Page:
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How to Cook Meat: The Best Methods for Different Cuts

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For some, cooking meat to perfection can be intimidating. After all, it’s expensive, and if you ruin it, you just wasted a whole lot of time and money.

Never fear!

There’s a perfect way to cook every cut, and it’s easier than you think to get it right.

Here’s a quick guide to cooking methods and how to ensure each meaty slice reaches its full roasting, broiling, charring, grilling, or baking potential.

Ways to Cook Meat

With so many options, how do you know what’s what? I mean, what’s the difference between baking, broiling, and roasting? Why is grilling better sometimes but not others? Which way seals in the most flavor?

Is your head about to explode? Here’s a quick rundown.

Grilling

This technique uses, you guessed it, a grill. It can be done over low, medium, or high heat and is typically done outside. You can do steaks, hot dogs, or a whole roast on the grill. While charcoal is a bit trickier than gas, it leads to deeper, more intense flavor.

Hint: most grill masters prefer charcoal, so if you want to look like a pro, figure out how to do it this way!

Braising

This lower temperature method of cooking seals in the moisture and tenderizes tough cuts. Season and sear the cut in a skillet then transfer it to a pot with a tiny amount of liquid in the bottom and finish it out on the stove.

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You can add tomatoes, potatoes, carrots, or anything else you want to the pot for added flavor and color.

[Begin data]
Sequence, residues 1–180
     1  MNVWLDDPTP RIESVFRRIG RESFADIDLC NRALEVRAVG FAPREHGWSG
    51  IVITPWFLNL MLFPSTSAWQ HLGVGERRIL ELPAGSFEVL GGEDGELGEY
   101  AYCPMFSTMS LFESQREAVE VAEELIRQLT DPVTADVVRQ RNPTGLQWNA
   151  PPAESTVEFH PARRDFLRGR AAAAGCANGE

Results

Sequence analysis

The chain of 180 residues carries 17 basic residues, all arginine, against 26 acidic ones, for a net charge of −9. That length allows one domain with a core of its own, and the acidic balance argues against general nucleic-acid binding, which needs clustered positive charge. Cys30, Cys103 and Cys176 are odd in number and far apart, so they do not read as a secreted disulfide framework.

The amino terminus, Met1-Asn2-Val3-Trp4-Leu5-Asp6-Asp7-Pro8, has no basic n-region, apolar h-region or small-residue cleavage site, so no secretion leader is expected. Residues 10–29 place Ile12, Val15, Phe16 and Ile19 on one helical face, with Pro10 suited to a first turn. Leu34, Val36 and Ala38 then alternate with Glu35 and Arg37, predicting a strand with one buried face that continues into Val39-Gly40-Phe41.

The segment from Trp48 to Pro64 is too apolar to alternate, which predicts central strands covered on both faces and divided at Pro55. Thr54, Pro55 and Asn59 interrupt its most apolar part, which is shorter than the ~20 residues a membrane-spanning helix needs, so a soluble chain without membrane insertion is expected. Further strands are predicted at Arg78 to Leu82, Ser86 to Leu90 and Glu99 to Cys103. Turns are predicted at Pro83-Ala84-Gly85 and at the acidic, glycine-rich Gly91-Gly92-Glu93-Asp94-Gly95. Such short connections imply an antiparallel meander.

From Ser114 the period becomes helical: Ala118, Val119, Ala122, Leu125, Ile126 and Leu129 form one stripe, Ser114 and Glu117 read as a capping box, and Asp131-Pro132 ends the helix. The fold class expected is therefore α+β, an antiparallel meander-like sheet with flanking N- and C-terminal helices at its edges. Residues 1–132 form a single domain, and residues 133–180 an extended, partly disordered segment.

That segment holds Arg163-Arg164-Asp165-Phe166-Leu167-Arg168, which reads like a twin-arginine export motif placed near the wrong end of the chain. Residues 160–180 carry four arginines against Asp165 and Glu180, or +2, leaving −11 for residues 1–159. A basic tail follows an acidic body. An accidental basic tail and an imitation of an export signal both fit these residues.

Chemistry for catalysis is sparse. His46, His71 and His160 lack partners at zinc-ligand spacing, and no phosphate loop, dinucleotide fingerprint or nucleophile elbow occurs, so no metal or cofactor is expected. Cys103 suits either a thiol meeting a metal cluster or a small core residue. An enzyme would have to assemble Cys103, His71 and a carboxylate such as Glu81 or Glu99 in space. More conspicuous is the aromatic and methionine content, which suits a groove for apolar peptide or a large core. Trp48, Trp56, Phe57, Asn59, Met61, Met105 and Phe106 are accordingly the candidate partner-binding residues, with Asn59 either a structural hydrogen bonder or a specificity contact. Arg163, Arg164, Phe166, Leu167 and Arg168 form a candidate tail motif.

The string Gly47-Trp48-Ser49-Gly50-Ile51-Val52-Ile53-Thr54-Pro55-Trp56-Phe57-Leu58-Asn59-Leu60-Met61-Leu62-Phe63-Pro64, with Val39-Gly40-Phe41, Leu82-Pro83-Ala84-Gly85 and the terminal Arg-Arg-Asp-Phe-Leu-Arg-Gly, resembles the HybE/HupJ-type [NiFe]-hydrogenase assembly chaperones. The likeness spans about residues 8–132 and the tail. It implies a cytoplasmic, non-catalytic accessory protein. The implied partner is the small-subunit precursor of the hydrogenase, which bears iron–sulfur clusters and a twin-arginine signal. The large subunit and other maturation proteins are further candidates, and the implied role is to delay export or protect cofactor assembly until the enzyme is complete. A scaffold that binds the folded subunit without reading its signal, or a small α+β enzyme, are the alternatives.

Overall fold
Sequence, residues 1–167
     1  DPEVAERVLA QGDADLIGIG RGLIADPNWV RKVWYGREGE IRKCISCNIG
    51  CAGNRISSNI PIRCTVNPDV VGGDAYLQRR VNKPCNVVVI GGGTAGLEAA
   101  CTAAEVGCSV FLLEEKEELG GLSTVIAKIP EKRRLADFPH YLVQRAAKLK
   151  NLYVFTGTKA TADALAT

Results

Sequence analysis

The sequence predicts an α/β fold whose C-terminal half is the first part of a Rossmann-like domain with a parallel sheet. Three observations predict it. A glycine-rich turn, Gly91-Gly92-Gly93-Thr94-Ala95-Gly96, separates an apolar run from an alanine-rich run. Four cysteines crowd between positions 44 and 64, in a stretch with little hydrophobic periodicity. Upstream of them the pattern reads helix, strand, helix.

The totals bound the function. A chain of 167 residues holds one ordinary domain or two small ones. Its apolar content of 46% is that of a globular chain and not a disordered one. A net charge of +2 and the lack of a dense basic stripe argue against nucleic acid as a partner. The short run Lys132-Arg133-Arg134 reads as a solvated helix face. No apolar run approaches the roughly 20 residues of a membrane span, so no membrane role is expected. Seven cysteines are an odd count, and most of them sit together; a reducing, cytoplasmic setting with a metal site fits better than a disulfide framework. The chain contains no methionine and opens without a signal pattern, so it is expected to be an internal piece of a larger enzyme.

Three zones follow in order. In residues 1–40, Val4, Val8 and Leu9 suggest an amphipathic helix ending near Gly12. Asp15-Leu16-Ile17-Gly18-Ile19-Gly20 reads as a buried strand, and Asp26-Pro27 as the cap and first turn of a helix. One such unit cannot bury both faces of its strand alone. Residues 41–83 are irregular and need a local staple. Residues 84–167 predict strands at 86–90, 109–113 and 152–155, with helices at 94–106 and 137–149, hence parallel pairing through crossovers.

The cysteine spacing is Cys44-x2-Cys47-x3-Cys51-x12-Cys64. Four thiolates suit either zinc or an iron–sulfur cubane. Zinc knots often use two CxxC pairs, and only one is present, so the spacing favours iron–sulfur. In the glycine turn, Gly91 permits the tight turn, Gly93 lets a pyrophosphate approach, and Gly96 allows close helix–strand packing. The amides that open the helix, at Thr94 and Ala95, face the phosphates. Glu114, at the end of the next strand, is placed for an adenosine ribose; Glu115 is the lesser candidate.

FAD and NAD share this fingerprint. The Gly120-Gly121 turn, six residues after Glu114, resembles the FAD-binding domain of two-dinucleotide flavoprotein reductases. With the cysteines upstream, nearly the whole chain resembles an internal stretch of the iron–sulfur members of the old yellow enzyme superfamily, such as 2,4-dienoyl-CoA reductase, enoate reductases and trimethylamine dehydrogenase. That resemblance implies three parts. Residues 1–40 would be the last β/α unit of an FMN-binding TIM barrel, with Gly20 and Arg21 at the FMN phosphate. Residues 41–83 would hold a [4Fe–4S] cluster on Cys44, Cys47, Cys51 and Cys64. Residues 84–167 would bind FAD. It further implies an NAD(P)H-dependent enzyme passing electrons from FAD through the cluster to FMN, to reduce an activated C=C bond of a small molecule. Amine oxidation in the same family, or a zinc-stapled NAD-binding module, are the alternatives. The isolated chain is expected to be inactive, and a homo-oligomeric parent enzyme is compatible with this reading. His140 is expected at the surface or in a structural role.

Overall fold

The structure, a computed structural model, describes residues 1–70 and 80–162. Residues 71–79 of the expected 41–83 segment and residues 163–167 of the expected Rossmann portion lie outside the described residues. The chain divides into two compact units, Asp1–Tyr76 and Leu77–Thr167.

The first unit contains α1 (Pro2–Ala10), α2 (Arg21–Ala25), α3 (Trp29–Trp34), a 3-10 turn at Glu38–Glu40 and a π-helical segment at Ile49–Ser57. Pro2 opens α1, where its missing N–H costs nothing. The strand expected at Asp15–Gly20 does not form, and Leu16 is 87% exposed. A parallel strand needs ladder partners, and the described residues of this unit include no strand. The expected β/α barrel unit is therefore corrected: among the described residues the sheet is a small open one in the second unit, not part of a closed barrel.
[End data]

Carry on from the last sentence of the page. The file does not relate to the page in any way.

Hint: replace the pot on the stove with a slow cooker for a truly hands-free braising experience.

Stewing

This also uses slow, moist heat, but instead of doing the entire large piece of meat at once, cut into smaller pieces first, and don’t sear it in a skillet first.

Hint: it requires more liquid than braising, so it’s an excellent choice for soupier meals.

Roasting

This technique involves dry heat at high temperatures. It gives your meat a crispy exterior, like in beef burnt ends. A short burst of high heat is perfect for smaller cuts while larger pieces may require most of the cooking at a low temperature with a final sear in a hot oven at the end.

Hint: meat cooks quickly at high temperatures, so you can’t break down any connective tissues in tough meats using this method.

Broiling

Think of this as upside down grilling. Instead of placing the meat above the source of heat, place it directly below. Broiling works the same way. It essentially grills the top of your meat.

Hint: brush your meat with oil to prevent it from drying out using this method.

Stir-frying

This is a quick method of cooking thin strips of meat. It’s easy because all you have to do is throw all of your ingredients in the same pan and fry them up. Peppers, onions, carrots, and anything else you want to add for flavor is welcome.

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Hint: this is an easy dish to customize and make your own because of how quick and easy it is.